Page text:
(A.K.A. Traditional Funeral Services)
Burial Services, also known as Traditional Funeral Services includes a visitation (calling hours), followed by a funeral service in a funeral home and/or church with the body of the deceased present. The casket is typically present at both these events, and it is your decision on whether to have the casket open or not. Most often the person is then buried in a cemetery. Family or religious traditions are often a factor for choosing burial. There are many decisions that need to be made such as whether the body needs to be embalmed, scheduling the services, selecting a casket, burial vault and monument, along with which cemetery is to be used. Funeral directors are experts in arranging funeral services and will easily guide you through the many options available in order to create a personalized, meaningful service for you, your family and your loved one.
Monumental cemetery: A monumental cemetery is the traditional style of cemetery where headstones or other monuments made of marble or granite rise vertically above the ground. There are countless different types of designs for headstones, ranging from very simple to large and complex.
Lawn cemetery: A lawn cemetery is where each grave is marked with a small commemorative plaque that is placed horizontally at the head of the grave at ground-level. Families can still be involved in the design and the information contained on the plaque, however in most cases the plaques are a standard design.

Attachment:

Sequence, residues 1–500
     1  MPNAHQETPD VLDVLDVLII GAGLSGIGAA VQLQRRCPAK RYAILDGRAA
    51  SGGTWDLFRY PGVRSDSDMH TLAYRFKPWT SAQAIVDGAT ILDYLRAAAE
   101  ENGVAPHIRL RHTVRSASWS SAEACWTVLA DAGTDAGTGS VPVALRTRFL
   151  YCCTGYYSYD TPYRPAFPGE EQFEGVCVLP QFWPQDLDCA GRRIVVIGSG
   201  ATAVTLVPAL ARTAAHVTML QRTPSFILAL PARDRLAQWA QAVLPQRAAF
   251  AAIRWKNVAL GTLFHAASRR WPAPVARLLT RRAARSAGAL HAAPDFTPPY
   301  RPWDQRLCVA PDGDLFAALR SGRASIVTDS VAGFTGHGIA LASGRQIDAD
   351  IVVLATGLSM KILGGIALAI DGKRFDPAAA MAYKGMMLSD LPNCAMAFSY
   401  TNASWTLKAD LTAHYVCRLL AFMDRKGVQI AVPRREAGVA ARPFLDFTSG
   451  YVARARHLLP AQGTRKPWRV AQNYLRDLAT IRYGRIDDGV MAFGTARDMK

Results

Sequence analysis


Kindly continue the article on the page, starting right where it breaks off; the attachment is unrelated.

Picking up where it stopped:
Mausoleum: A mausoleum is an external free-standing building constructed as a monument enclosing the interment space or burial chamber of a deceased person or people. A mausoleum may be considered a type of tomb or the tomb may be considered to be within the mausoleum. The most famous mausoleum is the Taj Mahal in India.
Columbarium: Columbarium walls are generally reserved for cremated remains. While cremated remains can be kept at home by families or scattered somewhere significant to the deceased, a columbarium provides friends and family a place to come to mourn and visit. Columbarium walls do not take up a lot of space and it is a cheaper alternative to a burial plot.
Green cemeteries: Green cemeteries, also known as eco-cemeteries or natural cemeteries is a new style of cemetery set aside for natural burials. Green burials are motivated by the desire to be environmentally conscience, although green burials can be performed at any type of cemetery, they are usually done in a natural woodland area. Conventional markings such as headstones are generally replaced with a tree or a bush or a placement of a natural rock.
What is opening and closing and why is it so expensive?
Typically, the opening and closing fee include administration and permanent record keeping (determining ownership, obtaining permission and the completion of other documentation which may be required, entering the interment particulars in the interment register, maintaining all legal files); opening and closing the grave (locating the grave and laying out the boundaries, excavating and filling the interment space); coco-matting at the grave site, leveling, tamping, re-grading and sodding the grave site and leveling and re-sodding the grave if the earth settles.